4 NOVEMBER 1905, Page 16

WITH the aim and general spirit of Dr. Karl Blind's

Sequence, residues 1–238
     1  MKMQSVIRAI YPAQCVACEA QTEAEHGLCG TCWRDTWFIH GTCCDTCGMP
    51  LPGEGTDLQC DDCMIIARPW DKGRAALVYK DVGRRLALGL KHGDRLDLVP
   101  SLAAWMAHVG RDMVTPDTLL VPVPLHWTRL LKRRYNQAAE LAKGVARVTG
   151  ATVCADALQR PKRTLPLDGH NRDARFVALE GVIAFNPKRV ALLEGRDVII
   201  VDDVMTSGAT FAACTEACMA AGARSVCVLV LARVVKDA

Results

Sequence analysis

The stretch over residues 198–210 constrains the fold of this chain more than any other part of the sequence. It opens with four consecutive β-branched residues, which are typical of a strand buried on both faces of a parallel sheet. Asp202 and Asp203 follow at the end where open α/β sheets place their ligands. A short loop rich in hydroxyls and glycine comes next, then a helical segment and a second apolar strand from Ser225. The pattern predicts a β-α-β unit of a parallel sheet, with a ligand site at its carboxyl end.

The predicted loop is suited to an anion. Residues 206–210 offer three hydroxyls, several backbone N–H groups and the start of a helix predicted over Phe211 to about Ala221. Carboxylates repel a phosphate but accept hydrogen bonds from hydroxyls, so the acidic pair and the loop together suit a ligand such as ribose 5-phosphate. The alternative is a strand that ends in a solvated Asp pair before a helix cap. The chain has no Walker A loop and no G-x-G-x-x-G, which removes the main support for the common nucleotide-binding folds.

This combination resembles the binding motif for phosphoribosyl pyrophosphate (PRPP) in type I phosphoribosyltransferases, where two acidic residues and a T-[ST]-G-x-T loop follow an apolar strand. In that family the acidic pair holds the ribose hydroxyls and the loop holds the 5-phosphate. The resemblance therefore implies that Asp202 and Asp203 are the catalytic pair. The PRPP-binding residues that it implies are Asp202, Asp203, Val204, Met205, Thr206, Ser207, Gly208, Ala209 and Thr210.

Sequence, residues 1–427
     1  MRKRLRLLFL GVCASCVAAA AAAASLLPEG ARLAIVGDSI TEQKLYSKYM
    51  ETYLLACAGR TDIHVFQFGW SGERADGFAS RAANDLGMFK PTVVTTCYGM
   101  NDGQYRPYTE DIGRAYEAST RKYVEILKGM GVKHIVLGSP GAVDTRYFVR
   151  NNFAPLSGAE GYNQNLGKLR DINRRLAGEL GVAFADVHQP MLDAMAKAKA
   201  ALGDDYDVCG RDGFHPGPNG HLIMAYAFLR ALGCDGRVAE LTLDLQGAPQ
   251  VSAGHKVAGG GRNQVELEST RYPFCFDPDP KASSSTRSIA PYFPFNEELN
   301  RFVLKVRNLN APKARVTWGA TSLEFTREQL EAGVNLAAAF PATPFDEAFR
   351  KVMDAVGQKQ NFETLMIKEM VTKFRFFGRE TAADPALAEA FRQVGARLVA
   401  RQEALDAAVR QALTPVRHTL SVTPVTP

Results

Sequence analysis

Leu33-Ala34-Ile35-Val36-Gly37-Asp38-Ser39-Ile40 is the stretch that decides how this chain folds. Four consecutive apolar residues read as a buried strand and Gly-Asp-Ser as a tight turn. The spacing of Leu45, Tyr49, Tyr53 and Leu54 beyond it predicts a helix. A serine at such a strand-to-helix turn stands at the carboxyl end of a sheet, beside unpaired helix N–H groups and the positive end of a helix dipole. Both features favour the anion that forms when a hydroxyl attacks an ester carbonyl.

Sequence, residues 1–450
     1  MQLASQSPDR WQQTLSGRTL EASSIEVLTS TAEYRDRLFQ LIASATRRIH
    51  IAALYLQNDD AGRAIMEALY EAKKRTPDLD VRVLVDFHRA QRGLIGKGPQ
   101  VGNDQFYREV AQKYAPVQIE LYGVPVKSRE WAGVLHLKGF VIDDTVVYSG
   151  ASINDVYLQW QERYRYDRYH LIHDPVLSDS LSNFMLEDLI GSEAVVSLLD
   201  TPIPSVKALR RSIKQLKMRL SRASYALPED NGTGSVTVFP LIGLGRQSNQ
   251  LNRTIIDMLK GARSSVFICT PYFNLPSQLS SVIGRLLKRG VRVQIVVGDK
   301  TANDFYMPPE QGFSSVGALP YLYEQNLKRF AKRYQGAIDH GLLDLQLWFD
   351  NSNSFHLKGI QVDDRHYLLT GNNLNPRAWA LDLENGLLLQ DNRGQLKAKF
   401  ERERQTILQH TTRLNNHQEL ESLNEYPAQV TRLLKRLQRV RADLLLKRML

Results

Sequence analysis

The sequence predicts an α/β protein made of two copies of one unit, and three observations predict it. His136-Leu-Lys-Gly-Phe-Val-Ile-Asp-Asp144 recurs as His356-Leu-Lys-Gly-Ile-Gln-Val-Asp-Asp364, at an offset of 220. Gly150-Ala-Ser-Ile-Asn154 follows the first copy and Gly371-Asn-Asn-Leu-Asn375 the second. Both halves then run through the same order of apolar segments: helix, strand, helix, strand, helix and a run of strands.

article on "Germany and English War Scares" in the new Nineteenth. Century we find ourselves in hearty accord. But his vigorous repudiation of anti-English sentiments on behalf of Germany has to be discounted by several considerations. To begin with, as he himself frankly admits, he has lived in England, which has become his second home, for the greater part of his life. Secondly, he declares that his own political prin- ciples and aspirations are "as far away as possible from the present mode of government at Berlin." Thirdly, in dealing with mutual recriminations, he concentrates his attention on a single German novel, Der Weltkrieg. "Such reckless and irresponsible writing, of a merely novelistic sensational kind, as is contained in the book just described is certainly not to be regarded as typical of German intentions." That may be perfectly true, but Dr. Blind has nothing to .say of the publicists, Prbfessors, and historians, including men of the stamp of Mom msen and Treitschke, who for the last thirty years or more have shown that German Anglophobia is not the product of the reptile or the gutter Press, but has been deliberately fomented by the intellectuals. Dr. Blind makes great play with Mr. Arthur Lee's speech last year, as consti- tuting a menace to.Germany. The way in which that speech was garbled and misinterpreted in Germany has been recently shown up in the pages of the Vossische Zeitung by Dr. Theodor Lorenz, a German resident in England, in a courageous article vigorously condemning the anti-English Press campaign conducted by Professor Schiemann.—The Countess Dowager of Desart contributes an enthusiastic article on "The Gaelic League," which will be read with interest in the light of the recent correspondence on " the aims and methods of that institution in the Times. She emphatically pronounces the Gaelic League to be what it professes to be,—i.e., non-political and non-sectarian, and "an organisation for the revival of all that is best and